Print

Print


FORWARDED MESSAGE
 
> mike frank asks why one should assume that the video rather than the audio
> tells the truth.
>
> mike refers to an example I gave, specifically:
>
> In Heavenly Creatures, the narrator says: My New Year's Resolution is to be
> kinder to others.... while the film shows the speaker agressively expelling
> a young man from a party.
>
> In the example I am unsure how one could have the video "lie" and the
> "audio" be truthful. But the idea of a reversal has great appeal.
>
> Sincerely,
>
> Peter Latham
 
END OF FORWARDED MESSAGE
 
 
peter's final paragraph is provocative . . . yes, it would really be neat if
that reversal were possible, but peter is unsure of how it might work, and i
myself find that i can't even imagine it . . . i suspect the reason is--and
perhaps this is of some importance--the "convention" that the sound track MAY
represent a particular subjective "view,"  view here understood in the sense
of attitude or ideological position or conception about something--that is, a
patent distortion of the "truth" . . .
 
. . . on the other hand, by common cinematic "convention" the image track
can represent a subjective "view" ONLY in the sense of giving us a character's
physical p-o-v (or a representation of the character's physical p-o-v) (as in
the eyeline match) but that WHAT the character sees--as opposed
to HOW the characters sees it--is "really there" . . . {think, e.g. of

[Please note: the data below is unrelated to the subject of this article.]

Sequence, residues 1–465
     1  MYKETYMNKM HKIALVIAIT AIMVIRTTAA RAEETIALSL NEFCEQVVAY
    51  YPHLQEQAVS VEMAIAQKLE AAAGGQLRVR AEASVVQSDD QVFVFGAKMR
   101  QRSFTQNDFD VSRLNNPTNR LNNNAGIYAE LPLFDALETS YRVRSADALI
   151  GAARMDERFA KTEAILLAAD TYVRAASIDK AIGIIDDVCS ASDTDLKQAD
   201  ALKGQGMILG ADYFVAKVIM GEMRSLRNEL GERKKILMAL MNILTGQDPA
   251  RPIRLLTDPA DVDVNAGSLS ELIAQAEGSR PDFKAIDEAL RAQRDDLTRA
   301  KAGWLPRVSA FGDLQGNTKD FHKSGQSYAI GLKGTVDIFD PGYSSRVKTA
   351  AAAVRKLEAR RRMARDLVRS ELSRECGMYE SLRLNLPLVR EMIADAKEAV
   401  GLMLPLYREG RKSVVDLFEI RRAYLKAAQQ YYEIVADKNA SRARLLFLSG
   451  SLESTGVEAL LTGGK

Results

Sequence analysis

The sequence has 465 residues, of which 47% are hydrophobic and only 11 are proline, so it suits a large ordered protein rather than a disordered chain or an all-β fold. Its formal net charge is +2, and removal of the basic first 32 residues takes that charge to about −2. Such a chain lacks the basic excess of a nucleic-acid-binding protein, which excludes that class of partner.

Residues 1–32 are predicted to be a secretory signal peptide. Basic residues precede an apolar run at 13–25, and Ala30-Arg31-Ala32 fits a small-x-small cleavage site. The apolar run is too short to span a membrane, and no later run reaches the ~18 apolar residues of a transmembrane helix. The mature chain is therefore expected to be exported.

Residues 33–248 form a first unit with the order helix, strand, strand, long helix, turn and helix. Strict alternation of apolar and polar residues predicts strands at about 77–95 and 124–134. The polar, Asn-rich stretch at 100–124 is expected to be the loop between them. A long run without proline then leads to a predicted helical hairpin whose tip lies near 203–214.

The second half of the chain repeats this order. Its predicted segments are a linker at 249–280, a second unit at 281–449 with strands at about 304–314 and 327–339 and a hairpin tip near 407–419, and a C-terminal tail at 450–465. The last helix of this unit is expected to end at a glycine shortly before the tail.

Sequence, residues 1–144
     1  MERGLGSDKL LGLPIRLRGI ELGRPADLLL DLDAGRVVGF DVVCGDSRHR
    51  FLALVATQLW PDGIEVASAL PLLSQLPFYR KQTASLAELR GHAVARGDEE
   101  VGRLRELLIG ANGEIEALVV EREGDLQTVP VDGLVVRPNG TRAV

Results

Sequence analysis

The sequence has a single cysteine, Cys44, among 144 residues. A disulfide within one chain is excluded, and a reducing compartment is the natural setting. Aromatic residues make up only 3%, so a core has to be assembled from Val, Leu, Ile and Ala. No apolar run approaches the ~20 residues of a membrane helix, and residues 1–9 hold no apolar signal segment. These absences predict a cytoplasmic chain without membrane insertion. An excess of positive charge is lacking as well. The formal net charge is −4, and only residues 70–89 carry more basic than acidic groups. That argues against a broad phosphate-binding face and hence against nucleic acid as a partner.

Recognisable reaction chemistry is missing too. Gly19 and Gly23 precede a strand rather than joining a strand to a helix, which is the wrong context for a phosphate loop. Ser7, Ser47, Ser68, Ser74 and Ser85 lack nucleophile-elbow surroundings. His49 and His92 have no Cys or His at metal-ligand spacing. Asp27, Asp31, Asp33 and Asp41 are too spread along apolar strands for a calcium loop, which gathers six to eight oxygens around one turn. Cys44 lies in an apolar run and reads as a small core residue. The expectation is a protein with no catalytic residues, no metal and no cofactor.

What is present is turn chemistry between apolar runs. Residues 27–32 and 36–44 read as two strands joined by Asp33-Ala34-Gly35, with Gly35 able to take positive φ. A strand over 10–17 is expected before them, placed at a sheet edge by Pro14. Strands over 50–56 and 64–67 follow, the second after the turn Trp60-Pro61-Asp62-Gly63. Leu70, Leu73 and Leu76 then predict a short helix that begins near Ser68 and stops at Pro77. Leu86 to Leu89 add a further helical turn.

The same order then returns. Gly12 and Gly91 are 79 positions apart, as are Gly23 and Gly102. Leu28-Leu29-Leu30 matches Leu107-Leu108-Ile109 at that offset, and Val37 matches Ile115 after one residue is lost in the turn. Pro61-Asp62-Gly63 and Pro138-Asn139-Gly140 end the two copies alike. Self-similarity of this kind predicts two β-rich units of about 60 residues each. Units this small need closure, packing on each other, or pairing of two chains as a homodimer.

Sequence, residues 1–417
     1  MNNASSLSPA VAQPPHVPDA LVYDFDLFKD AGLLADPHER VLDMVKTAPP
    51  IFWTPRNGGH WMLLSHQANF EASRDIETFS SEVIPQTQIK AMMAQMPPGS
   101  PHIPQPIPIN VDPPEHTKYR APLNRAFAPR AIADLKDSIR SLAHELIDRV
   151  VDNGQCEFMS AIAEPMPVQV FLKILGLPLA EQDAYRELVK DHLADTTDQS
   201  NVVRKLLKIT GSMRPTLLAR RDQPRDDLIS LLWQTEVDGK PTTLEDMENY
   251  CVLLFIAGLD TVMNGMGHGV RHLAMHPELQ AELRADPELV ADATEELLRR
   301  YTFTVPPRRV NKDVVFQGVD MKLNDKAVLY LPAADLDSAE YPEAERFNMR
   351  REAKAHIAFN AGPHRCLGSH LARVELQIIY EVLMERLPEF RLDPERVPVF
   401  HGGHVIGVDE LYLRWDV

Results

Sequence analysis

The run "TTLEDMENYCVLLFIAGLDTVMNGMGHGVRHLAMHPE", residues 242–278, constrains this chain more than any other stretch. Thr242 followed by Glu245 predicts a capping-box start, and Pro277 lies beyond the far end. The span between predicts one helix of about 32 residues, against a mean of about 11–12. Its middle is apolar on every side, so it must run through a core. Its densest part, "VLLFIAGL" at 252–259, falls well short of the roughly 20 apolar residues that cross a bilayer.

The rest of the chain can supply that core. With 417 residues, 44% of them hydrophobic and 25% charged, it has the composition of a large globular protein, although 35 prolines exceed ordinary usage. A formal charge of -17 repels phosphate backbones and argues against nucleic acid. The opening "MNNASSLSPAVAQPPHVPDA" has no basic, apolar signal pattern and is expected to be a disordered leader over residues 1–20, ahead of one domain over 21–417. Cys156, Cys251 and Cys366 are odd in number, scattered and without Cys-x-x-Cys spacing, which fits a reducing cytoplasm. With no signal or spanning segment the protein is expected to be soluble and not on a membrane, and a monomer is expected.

bogart's unfocused view when he's drugged in MALTESE FALCON} . . . and that
therefore a "view" that is completely private/subjective, as opposed to an
"objective" one mediated by some very limited set of subjective
characrteristics, is not available in conventional cinematic discourse
 
in other words, by convention the sound track can represent a total distortion
or fabrication by a character (i.e., a "lie"), while the image track can
represent only a character's intervention in a representation that still
retains a certain degree of objective validity . . .
 
in retrospect i'm a little uneasy about 2 things:  one is the assumption in the
above that all of this is merely a matter of convention . . . is it only
a convention or is it grounded in something else? . . and if it is only a
convention, does it apply only within cinema or are there other
representation systems in which it--or an analogous convention--apply?
 
the other is the nagging sense that i've just devoted some fancy verbal
footwork to belaboring the obvious . . . if so i do apologize, and i
apologize as well for the virtually adolescent resort to typographical
emphasizing in the above paragraphs . . . it just seemed briefer and somewhat
clearer to do it this way
 
mike frank
 
----
To signoff SCREEN-L, e-mail [log in to unmask] and put SIGNOFF SCREEN-L
in the message.  Problems?  Contact [log in to unmask]